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Walleyes
Walleyes


Amblyopia

Definition:

Amblyopia the loss of the ability to see clearly through one eye. It is also called "lazy eye." It is the most common cause of vision problems in children.



Alternative Names:

Lazy eye



Causes:

Amblyopia occurs when the nerve pathway from one eye to the brain does not develop during childhood. This happens because the abnormal eye sends a blurred image or the wrong image to the brain.

This confuses the brain, and the brain may learn to ignore the image from the weaker eye.

Strabismus (crossed eyes) is the most common cause of amblyopia. There is often a family history of this condition.

The term "lazy eye" refers to amblyopia, which often occurs along with strabismus. However, amblyopia can occur without strabismus. Also, people can have strabismus without amblyopia.

Other causes include:



Symptoms:

Symptoms of the condition include:

  • Eyes that turn in or out
  • Eyes that do not appear to work together
  • Inability to judge depth correctly
  • Poor vision in one eye


Exams and Tests:

In most cases, amblyopia can be detected with a complete eye exam. Special tests are not often needed.



Treatment:

The first step will be correct any eye condition that is causing poor vision in the amblyopic eye (such as cataracts).

Children with a refractive error (nearsightedness, farsightedness, or astigmatism) will need glasses.

Next, a patch is placed on the normal eye. This forces the brain to recognize the image from the eye with amblyopia. Sometimes, drops are used to blur the vision of the normal eye instead of putting a patch on it.

Children whose vision will not fully recover, and those with only one good eye due to any disorder should wear shatter- and scratch-resistant glasses.



Outlook (Prognosis):

Children who get treated before age 5 almost always recover vision that is close to normal. However, they may continue to have problems with depth perception.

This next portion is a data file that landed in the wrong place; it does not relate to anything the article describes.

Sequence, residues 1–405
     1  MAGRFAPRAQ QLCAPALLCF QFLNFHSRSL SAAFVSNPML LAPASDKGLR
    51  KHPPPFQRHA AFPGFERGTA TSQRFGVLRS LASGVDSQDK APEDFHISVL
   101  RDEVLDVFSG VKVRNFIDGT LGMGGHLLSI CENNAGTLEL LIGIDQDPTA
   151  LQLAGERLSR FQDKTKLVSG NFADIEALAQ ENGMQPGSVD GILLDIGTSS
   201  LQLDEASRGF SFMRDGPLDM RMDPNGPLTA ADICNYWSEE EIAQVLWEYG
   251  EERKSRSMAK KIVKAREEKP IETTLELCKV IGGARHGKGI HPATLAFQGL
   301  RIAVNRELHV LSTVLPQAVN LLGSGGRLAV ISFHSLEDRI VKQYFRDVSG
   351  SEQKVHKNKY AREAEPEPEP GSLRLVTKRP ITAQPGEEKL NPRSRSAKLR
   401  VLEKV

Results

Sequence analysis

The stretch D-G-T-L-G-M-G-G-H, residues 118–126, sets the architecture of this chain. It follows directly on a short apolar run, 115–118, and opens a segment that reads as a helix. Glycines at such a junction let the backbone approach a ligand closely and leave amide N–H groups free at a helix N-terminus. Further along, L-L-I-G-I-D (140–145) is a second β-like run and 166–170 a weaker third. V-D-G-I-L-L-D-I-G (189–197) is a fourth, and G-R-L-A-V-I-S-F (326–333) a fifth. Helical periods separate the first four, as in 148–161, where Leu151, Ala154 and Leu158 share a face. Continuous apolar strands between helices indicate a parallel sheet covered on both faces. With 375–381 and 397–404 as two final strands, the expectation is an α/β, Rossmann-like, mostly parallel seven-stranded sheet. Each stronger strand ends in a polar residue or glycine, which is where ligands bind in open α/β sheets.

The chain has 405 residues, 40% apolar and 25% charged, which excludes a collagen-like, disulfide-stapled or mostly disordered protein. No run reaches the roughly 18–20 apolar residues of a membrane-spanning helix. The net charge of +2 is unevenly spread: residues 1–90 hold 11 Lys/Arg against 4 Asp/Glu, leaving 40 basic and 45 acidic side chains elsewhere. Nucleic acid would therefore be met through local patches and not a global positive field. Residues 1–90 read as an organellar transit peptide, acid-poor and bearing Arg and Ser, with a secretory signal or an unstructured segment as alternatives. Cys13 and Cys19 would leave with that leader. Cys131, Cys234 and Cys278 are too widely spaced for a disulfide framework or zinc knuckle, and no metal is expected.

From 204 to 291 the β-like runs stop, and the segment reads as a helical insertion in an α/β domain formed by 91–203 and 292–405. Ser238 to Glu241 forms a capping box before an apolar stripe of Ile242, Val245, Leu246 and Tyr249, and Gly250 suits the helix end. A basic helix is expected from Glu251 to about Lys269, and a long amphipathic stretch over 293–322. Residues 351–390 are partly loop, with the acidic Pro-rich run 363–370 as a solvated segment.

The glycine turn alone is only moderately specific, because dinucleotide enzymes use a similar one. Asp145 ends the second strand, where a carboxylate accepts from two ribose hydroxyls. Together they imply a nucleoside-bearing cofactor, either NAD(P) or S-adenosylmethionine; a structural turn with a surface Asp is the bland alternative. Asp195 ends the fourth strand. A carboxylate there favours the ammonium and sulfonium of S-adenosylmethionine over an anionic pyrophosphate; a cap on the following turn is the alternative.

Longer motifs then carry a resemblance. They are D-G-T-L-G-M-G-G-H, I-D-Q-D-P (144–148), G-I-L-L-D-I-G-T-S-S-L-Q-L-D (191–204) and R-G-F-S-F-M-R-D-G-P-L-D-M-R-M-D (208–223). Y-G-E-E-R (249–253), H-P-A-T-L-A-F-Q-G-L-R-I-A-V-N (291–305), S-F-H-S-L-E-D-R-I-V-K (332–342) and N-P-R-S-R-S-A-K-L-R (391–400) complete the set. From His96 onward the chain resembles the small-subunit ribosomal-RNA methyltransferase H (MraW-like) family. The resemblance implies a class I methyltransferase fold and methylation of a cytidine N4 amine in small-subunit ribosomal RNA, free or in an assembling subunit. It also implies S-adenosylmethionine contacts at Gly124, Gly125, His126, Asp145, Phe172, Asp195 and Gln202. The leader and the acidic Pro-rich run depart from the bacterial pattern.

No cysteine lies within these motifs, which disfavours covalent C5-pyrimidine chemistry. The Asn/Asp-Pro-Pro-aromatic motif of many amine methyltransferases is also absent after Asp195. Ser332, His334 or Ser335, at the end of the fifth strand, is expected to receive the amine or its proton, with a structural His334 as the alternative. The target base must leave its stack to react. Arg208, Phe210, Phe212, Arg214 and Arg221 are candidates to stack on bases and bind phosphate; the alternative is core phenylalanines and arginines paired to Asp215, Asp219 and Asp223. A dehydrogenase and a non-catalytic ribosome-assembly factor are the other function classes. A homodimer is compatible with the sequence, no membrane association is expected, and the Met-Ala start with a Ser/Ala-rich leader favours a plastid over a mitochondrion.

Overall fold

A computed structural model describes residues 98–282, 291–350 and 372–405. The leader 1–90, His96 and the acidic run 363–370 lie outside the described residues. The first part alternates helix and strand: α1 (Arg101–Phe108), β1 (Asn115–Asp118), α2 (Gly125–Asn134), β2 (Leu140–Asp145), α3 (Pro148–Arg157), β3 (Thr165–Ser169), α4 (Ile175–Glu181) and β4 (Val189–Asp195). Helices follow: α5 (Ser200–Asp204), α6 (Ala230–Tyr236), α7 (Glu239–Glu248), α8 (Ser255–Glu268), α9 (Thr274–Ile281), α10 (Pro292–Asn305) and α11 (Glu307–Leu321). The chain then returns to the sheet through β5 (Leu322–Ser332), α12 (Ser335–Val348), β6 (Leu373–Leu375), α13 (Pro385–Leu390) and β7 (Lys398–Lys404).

Permanent vision problems may result if treatment is delayed. Children treated after age 10 can expect vision to recover only partially.



Possible Complications:

Complications may include:

  • Eye muscle problems that may require several surgeries
  • Permanent vision loss in the affected eye


When to Contact a Medical Professional:

Call your health care provider or ophthalmologist if you suspect a vision problem in a young child.



Prevention:

Identifying and treating the problem early prevents children from having permanent visual loss. All children should have a complete eye exam at least once between ages 3 and 5.

Special methods are used to measure vision in a child who is too young to speak. Most eye care professionals can perform these techniques.



References:

Olitsky SE, Coats DK. Amblyopia and its management. In: Tasman W, Jaeger EA, eds. Duane's Ophthalmology 2013. Philadelphia, PA: Lippincott Williams & Wilkins; 2012:vol 1, chap 10.

Olitsky SE, Hug D, Plummer LS, Stass-Isern M. Disorders of eye movement and alignment. In: Kliegman RM, Behrman RE, Jenson HB, Stanton BF, eds. Nelson Textbook of Pediatrics. 19th ed. Philadelphia, PA: Saunders Elsevier; 2011:chap 615.




Review Date: 9/2/2014
Reviewed By: Franklin W. Lusby, MD, ophthalmologist, Lusby Vision Institute, La Jolla, CA. Also reviewed by David Zieve, MD, MHA, Isla Ogilvie, PhD, and the A.D.A.M. Editorial team.

The information provided herein should not be used during any medical emergency or for the diagnosis or treatment of any medical condition. A licensed medical professional should be consulted for diagnosis and treatment of any and all medical conditions. Call 911 for all medical emergencies. Links to other sites are provided for information only -- they do not constitute endorsements of those other sites. © 1997- A.D.A.M., Inc. Any duplication or distribution of the information contained herein is strictly prohibited.
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Morristown Medical Center

100 Madison Avenue
Morristown, NJ 07960
973-971-5000

Overlook Medical Center

99 Beauvoir Avenue
Summit, NJ 07901
908-522-2000

Newton Medical Center

175 High Street
Newton, NJ 07860
973-383-2121

Chilton Medical Center

97 West Parkway
Pompton Plains, NJ 07444
973-831-5000

Goryeb Children's Hospital

100 Madison Avenue
Morristown, NJ 07960
973-971-5000

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